Bowing to weeks of international pressure, the Pakistani government yesterday announced that it had widened its crackdown on groups blamed for the Mumbai attacks on the eve of a visit by Foreign Secretary David Miliband to Islamabad.
The Interior Secretary Kamal Shah said that the number of people arrested had risen to 71 as a further 124 people had been placed under surveillance. The suspects in question are members of Jamaat-ud-Dawa (JuD), a charity affiliated to Lashkar-e-Toiba, the Pakistan-based militant group blamed for the attacks.
Earlier, Rehman Malik, the Interior Ministry chief, told reporters in Islamabad that authorities had moved to shut down 20 offices, 87 schools, two libraries, seven religious schools and six websites linked to JuD, a group now proscribed as a terrorist organisation by the United Nations Security Council.
Mr Malik added that the crackdown included over a dozen JuD-operated relief camps, erected in the wake of 2005 Kashmir earthquake but alleged to be used for training militants.
The announcement appeared to be a concession to consistent Indian and western pressure that Pakistan act more decisively against the groups based on its soil.
Speaking at the Taj Hotel in Mumbai, the site of a 60-hour siege, Mr Miliband called on Pakistan yesterday to show "zero tolerance" toward militants based in the country.
In the same speech, Mr Miliband called for a break with the notion of a "war on terror", adding that the use of the phrase was misleading and mistaken in the context of the present.
"The phrase had some merit," Mr Miliband added in a reference to the days after the 2001 attacks on New York and Washington, "it captured the gravity of the threats we faced, the need for solidarity amongst allies, and the need to respond urgently – and where necessary, with force."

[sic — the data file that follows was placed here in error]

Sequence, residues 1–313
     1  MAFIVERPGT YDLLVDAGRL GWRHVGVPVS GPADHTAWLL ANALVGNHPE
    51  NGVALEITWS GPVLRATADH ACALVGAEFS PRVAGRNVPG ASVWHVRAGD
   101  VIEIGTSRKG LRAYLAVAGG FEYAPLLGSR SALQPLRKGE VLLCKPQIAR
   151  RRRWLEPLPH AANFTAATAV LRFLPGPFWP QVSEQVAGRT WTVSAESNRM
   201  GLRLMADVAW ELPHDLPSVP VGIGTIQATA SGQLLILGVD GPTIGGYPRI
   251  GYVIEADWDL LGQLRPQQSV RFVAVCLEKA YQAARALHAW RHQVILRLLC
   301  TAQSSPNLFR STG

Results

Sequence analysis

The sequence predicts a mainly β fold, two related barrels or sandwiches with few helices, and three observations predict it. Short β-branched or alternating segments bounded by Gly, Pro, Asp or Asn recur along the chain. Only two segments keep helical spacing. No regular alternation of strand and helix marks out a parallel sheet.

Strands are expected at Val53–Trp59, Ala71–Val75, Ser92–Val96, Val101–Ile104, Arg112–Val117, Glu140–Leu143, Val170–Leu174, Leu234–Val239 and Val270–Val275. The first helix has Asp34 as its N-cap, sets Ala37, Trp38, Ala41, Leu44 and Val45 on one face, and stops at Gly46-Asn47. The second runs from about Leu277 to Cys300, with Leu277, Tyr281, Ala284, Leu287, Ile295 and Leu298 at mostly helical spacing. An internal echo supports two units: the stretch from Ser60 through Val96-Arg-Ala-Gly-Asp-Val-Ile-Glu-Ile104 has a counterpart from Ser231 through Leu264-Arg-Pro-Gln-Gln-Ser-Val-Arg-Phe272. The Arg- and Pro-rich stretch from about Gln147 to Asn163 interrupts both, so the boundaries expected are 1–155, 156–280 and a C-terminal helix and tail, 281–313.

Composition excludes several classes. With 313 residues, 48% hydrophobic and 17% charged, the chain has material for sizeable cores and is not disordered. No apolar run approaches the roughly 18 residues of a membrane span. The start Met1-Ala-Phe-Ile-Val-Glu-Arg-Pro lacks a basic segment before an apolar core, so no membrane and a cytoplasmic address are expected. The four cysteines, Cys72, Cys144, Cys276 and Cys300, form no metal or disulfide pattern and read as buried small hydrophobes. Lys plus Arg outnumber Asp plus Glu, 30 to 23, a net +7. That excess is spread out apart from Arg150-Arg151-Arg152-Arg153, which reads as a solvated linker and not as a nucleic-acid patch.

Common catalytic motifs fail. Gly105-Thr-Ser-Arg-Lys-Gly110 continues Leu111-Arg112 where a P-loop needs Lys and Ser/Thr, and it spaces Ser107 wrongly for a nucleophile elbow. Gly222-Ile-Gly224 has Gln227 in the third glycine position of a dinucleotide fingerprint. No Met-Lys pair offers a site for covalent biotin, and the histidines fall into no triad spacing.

But over recent years, he said, London had neither used "the idea or the phrase". Instead, the foreign secretary urged, bonds between nations should not be based on "who we are against…but who we are and the values we share."
The best solution to terrorist threat in the long term, Miliband said, was cooperation, adding that he would call on Pakistan to take urgent action to dismantle the militant networks that exist on its soil. It must display "zero tolerance", he warned.
Mr Miliband will arrive in Islamabad today for talks with Pakistan's leadership as part of an ongoing bid to ease simmering tensions between the two neighbours.
Although the threat of war has receded, Delhi and Islamabad remain locked in a near-daily exchange of diplomatic crossfire. In the latest twist, Pakistan has said that the dossier provided to it by India contained only "information", not the material evidence it had requested.
But in a sign that Mr Miliband's visit had already yielded some success, India's Foreign Minister Pranab Mukherjee yesterday relaxed his demand that the suspects detained be extradited to India. Pakistan has consistently rebuffed all calls for extradition.
"It would be ideal if they (Pakistan) can hand over the fugitives," Mr Mukherjee told an Indian news channel. "If that is not possible, there should at least be a fair trial of these fugitives in Pakistan," he added in an echo of a remark made by Mr Miliband earlier this week.Reuse content